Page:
The Make-Ahead Breakfast Wrap you Need to Make Now

Make your own version of Starbucks' egg white wrap at home! You'll spend less and get more nutrition in every bite. I'm showing you how do this make-ahead style so you can meal prep it at the beginning of the week and have access to a fast, healthy breakfast before school or work. Click through for the recipe and all my tips!

For a while now I’ve been singing the praises of make-ahead and freezer friendly breakfasts, lunches, and dinners. Whatever you call it – meal prep, bulk cooking, make-ahead, or freezer cooking, it’s a huge help in getting healthy food on the table for your busy family. After all, most of my survey respondents said that time was their number one barrier to feeding their family nutritious food as often as they’d like.

So in a continued effort to demystify the art of make-ahead cooking, I’m bringing you another breakfast recipe to help with the work/school/gym/life morning scramble. I now present my Kale, Feta and Egg Breakfast Wrap, an adapted version of Starbucks’ Spinach and Feta Wrap, which keeps the great balance of flavors but packs an extra punch of nutrition and is more budget friendly to boot.

Make your own version of Starbucks' egg white wrap at home! You'll spend less and get more nutrition in every bite. I'm showing you how do this make-ahead style so you can meal prep it at the beginning of the week and have access to a fast, healthy breakfast before school or work. Click through for the recipe and all my tips!

Why you Should Make this at Home

Have you ever had the Spinach, Feta, and Cage-Free Egg White Wrap at Starbucks? If not, you should try it! It’s actually quite tasty and not-too-unhealthy especially in comparison to what else you might grab for breakfast on the go.

That said, there are two reasons that I recommend you make these at home anyways. (Pssst…this reasoning applies to most everything you make at home vs. buy out.)

  • You have control over the nutrition and contents of the food
  • You’ll save money

Nutrition and Ingredients

While Starbucks really sells the egg white portion of things, I’d much prefer to feed my family the full-spectrum of nutrition provided by whole eggs. Despite the back-and-forth on eggs and cholesterol over the years, doctors have agreed that whole eggs provide more of important things like:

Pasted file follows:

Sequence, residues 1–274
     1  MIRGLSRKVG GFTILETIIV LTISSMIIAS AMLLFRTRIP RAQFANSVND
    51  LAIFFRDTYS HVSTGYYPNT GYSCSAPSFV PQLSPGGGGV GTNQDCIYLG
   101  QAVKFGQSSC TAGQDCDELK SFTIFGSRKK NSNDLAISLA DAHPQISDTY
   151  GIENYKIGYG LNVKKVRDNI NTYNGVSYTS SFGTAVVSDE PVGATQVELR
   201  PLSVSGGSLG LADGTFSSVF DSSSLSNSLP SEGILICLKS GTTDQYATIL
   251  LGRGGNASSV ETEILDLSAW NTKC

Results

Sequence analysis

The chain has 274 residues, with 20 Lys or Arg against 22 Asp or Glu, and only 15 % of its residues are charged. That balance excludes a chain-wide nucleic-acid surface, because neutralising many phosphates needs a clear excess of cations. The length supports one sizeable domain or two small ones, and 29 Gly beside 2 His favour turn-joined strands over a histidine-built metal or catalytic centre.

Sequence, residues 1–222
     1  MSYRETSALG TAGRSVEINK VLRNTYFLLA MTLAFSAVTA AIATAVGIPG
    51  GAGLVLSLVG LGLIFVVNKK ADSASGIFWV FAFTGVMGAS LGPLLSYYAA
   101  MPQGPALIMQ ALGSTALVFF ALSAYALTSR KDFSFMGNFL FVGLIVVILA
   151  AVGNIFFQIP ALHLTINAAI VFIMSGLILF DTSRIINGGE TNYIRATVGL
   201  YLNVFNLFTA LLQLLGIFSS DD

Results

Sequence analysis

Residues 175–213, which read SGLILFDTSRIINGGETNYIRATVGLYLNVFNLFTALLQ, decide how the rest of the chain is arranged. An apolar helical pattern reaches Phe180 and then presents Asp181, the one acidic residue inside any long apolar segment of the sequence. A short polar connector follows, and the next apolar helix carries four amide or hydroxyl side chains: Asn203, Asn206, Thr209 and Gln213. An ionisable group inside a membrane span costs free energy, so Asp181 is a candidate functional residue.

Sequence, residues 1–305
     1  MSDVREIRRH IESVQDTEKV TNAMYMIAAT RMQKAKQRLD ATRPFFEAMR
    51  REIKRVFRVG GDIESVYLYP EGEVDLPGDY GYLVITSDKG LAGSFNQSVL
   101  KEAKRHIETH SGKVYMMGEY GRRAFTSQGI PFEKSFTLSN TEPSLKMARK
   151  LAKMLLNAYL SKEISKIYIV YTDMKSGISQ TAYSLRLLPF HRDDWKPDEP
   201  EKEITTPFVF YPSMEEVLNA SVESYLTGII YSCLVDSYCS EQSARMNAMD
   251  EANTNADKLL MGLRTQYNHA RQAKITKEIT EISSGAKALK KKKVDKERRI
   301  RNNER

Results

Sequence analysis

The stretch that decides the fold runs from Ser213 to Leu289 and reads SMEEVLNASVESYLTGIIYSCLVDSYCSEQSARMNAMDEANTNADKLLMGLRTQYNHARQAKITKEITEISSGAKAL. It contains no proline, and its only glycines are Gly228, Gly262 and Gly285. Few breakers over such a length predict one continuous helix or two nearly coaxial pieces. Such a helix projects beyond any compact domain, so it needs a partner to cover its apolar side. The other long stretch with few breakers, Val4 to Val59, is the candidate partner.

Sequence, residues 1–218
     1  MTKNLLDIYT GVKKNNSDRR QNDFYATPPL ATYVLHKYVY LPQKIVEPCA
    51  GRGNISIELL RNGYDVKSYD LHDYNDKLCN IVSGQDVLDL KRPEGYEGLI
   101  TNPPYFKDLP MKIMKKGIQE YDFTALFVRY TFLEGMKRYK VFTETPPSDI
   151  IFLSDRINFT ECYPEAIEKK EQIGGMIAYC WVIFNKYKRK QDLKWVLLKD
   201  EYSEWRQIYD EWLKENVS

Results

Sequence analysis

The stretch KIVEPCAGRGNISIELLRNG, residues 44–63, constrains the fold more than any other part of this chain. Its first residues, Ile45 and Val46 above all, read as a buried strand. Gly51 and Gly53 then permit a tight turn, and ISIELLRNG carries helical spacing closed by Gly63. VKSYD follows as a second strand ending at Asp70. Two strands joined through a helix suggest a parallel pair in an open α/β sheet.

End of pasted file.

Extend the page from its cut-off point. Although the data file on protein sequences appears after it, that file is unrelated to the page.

• Iron
  • Phosphorous
  • Zinc
  • Folate
  • Vitamins (like Vitamin A)
  • Choline

Check out the full comparison here.

In addition, making this recipe yourself means that you get to choose the quality of the eggs. There’s a running joke in our house that goes something like this:

Husband: Which eggs should I get?

Me: The most expensive ones.

Husband: Ha. Right. But there are these cage-free ones that cost a lot less, isn’t that good enough?

Me: Well, see, cage-free doesn’t actually have that much significance when it comes to the nutrition of the hens and I buy the pastured ones, which are the most expensive because…

Husband: Ok, ok. Let’s get the $9 eggs.

But seriously, buy the best eggs that you can even if they’re not the $9 ones. I’ll explain my stance and reasoning in more detail another day in a dedicated post, but just think we always hear “you are what you eat” but if you’re eating animals “you are what they ate”. Pastured hens eat the best food possible and require the most space to roam which makes their eggs more expensive but also better for your family.

Aside from the eggs, look at what the ingredients list for the Starbucks version looks like:


And look what the home version looks like (this is with Rudy’s Spelt Tortillas):

whole spelt tortillas (organic whole spelt flour, water, organic palm fruit oil, organic cultured spelt flour, hone, organic apple cider vinegar, sunflower lecithin, organic guar gum, sea salt, baking powder, cream of tartar, ascorbic acid), organic eggs, feta (organic pasteurized milk and nonfat milk, salt, cheese culture, vegetarian enzymes), kale

You could make even less processed choices to suit your dietary and personal preferences as well. For example, I made a few of these with Siete Almond Flour Tortillas (almond flour, tapioca flour, water, sea salt, xantan gum).